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Pour Yourself a Glass... of New Zealand Pinot Gris

  • by Mikela Dennison

Tuesday May 17th 2022 marks International Pinot Gris Day - and we reckon it's the perfect opportunity to share some information and food pairing ideas for this delicious grape varietal. 

What is Pinot Gris, and what does it taste like?  

Pinot Gris is actually a pretty pink variation (or mutation) of the Pinot Noir grape. 

This crowd-pleasing aromatic white wine is usually dry in style, with a medium-light body, medium-high acidity, and no tannins. The characteristic flavours of Pinot Gris are stone fruit, lemon zest, and melon. 

According to the New Zealand Wine industry body, Pinot Gris broke on to the New Zealand scene in the early 1990s, and has enjoyed a dramatic rise to fame ever since. In fact, today, Pinot Gris is now New Zealand's third most popular white variety.

Is Pinot Gris the same as Pinot Grigio? 

While they are the same wine varietal, some wine is known as Gris and some as Grigio, and this is dependant on how they are made.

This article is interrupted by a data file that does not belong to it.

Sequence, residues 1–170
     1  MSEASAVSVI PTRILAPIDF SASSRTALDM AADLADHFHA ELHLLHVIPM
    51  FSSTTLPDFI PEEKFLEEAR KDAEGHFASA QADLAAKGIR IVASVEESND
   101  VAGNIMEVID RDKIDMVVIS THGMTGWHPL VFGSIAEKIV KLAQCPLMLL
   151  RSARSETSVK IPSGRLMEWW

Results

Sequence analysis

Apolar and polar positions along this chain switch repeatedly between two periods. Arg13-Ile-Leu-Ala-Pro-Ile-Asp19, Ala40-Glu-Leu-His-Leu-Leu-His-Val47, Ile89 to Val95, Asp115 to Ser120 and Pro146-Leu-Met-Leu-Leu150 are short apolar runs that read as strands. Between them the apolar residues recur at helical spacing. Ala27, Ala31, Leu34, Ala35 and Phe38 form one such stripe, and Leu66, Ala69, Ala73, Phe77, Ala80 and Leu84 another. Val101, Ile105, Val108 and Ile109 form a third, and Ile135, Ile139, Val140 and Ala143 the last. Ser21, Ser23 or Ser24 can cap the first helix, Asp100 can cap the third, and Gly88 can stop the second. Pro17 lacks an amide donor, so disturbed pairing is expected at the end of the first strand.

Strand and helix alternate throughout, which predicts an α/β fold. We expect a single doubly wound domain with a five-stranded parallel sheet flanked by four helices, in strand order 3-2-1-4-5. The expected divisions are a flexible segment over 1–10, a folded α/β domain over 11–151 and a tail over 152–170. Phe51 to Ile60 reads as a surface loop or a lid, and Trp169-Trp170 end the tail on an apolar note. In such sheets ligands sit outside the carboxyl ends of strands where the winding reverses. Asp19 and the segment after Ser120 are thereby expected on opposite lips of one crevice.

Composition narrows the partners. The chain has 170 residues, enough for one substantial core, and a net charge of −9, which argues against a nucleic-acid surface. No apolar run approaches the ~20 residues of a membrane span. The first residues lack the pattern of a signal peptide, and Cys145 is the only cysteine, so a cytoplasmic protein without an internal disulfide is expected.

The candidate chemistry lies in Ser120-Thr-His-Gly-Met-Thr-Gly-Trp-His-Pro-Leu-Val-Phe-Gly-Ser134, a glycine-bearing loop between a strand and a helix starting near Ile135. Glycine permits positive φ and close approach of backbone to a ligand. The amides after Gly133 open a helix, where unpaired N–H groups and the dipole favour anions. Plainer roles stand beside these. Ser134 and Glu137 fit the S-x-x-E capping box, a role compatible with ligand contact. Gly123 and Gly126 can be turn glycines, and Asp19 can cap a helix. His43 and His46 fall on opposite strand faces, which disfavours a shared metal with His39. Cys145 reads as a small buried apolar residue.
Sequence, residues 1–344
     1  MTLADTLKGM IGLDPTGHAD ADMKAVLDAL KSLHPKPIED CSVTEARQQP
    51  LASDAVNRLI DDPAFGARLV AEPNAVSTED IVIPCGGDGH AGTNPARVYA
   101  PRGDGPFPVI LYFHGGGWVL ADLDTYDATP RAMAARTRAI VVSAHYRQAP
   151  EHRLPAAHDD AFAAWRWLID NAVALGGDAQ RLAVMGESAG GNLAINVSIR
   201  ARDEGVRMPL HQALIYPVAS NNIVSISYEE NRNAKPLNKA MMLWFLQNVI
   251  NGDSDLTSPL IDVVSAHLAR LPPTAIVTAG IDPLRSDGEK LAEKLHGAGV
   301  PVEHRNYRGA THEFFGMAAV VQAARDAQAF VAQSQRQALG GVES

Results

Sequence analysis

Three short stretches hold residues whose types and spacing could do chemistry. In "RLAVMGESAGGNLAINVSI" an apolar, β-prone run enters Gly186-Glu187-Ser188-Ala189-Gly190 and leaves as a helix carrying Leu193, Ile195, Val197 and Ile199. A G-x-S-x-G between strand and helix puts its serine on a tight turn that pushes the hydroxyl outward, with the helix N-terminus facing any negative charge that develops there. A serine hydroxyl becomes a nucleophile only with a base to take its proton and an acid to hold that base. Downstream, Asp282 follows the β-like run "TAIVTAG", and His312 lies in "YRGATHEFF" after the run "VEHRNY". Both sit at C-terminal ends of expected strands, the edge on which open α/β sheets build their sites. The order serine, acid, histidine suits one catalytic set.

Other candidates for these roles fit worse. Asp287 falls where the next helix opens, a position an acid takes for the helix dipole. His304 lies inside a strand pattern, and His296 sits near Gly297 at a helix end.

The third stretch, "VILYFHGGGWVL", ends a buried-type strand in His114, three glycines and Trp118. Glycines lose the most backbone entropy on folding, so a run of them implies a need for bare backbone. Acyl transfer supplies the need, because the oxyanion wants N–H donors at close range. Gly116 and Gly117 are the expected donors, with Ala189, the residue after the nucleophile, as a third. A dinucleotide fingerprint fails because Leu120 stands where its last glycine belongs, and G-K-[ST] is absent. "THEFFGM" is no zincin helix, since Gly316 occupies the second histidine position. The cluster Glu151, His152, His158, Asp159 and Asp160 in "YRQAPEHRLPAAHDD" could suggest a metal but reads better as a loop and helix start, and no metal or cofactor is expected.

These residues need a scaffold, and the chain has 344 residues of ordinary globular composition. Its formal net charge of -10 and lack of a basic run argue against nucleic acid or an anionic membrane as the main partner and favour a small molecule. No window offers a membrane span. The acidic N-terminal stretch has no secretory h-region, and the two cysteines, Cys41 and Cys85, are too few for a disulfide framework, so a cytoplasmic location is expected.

New Zealand Pinot Gris is more similar to French (Alsace) Pinot Gris, which is usually richer, more full bodied, and has more texture than Pinot Grigio, which is the the drier, crisper, and fruitier Italian equivalent.

Winemaking for Pinot Gris

Our chief winemaker Sam Bennett loves the use of a portion of barrel-fermentation on our Pinot Gris, particularly for our flagship te Pa Pinot Gris

Using wild yeasts, and lees stirring are also common winemaking practices in New Zealand to build texture, mouthfeel and complexity.

What makes Pinot Gris from Marlborough special? 

The cooler South Island produces tighter wines with great structure, and persistence with a focus on pristine, pure aromatics and flavours of white peach, red apple skin and cinnamon.

A great example of Marlborough Pinot Gris, is our delicious Montford Estate Pinot Gris. Check it out by clicking here.

Which foods pair best with Pinot Gris?  

As a general rule of thumb, Pinot Gris works well with dishes that feature a fruit or spice element. Think roast pork with apple sauce, or pork hock with pineapple salsa and a parsnip puree.

Asian cuisines like Vietnamese and Thai also pair really well with Pinot Gris, as the spice notes of the wine are complimented by the bright, bold, spicy flavours of the dishes. Try our Pa Road Pinot Gris for your next Thai BYO! 

The gentle acidity and marked fruitiness of a well balanced Pinot Gris also matches nicely with creamy pastas, poultry and seafood.

For more information on the delicious Pinot Gris wine, visit Wine Folly and New Zealand Wine.

Tagged with: News wine and food

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